After months of study, the Catholic Health Association (CHA), the largest network of nonprofit health care facilities in the United States, has reversed its initial embrace of the Obama administration’s “accommodation” for religious organizations from its “contraception mandate.”
CHA now says the mandate’s exemption for religious groups “is narrower than any conscience clause ever enacted in federal law and reflects an unacceptable change in federal policy regarding religious beliefs.” It urges “at the very least” a broadening of the definition of religious employers covered by the exemption.
“If [federal health agencies] unfortunately continue to pursue the course that all employees must have access to contraceptive services without cost, then the government will need to develop a way to pay for and provide such services directly to those employees who desire such coverage without any direct or indirect involvement of religious employers,” the CHA says in a new analysis, issued as a five-page formal comment to the Department of Health and Human Services.
If anything is likely to awaken the Obama administration to these religious freedom concerns, the CHA’s firm statement is it.
It criticizes the government’s approach to the mandate as splitting a religious group “into secular and religious components solely to impose burdens on the secular portion. To make this distinction is to create a false dichotomy between the Catholic Church and the ministries through which the Church lives out the teachings of Jesus Christ.”
The CHA limits its analysis to the impact of the regulation — which requires employers and insurers to facilitate coverage of abortion-inducing drugs, sterilization and contraception — on hospitals and health care providers. In a footnote, though, it acknowledges broader constitutional concerns and remaining issues of the regulation’s application to other entities such as insurers and individuals, and adds: “The U.S. Conference of Catholic Bishops has persuasively addresse[d] these points in its comments letter.”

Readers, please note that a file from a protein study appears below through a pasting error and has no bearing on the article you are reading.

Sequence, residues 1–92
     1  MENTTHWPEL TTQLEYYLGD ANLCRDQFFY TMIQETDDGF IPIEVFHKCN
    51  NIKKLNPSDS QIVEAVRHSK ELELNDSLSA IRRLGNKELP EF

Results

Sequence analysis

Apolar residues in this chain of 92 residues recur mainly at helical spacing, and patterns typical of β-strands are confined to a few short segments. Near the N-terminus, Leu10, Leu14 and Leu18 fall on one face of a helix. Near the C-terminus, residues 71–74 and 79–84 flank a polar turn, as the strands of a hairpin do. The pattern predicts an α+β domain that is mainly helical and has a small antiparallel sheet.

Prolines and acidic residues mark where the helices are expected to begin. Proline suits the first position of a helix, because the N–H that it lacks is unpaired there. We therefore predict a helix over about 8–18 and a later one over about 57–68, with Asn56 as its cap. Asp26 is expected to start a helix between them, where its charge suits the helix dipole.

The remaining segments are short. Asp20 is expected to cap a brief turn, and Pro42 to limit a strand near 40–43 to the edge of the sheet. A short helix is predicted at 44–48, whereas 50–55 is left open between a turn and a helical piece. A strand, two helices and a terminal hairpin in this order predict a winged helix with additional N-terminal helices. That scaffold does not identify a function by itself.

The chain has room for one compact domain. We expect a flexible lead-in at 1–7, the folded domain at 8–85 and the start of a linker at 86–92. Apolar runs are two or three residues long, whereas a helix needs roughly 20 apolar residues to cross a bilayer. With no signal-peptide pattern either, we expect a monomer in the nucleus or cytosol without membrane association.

The mid-June statement heals a devastating rift in Catholic opposition to this religious freedom threat. Those who support the mandate’s broad coercion of Catholic organizations to facilitate procedures contrary to the Church’s religious tenets have routinely pointed to the apparent acceptance of the mandate by the CHA, which rightly brings enormous credibility to health care policy questions, considering that Catholic hospitals care for one in every six American patients each year. Now the U.S. Catholic bishops, the CHA and other Catholic organizations like Our Sunday Visitor, which has joined a federal lawsuit to defend its religious liberty rights, speak with a powerful and unified voice.
And because the CHA is an organization that can claim no small direct credit in the original passage of the Affordable Care Act — its president, Daughter of Charity Sister Carol Keehan, even received from President Barack Obama one of the pens he used to sign the bill into law — its new contraception mandate condemnation, which was signed by Sister Keehan and two CHA board members, cannot credibly be dismissed as partisan or politically motivated.
In short: If anything outside the courts is likely to awaken the Obama administration to the real religious freedom concerns the mandate represents, the CHA’s firm opposition is it.
The CHA’s unequivocal new stance also adds a welcome boost of energy for Catholic Americans as they celebrate — with one voice — the June 21-July 4 “Fortnight for Freedom” in defense of the First Amendment religious liberty rights of Catholics and of all Americans.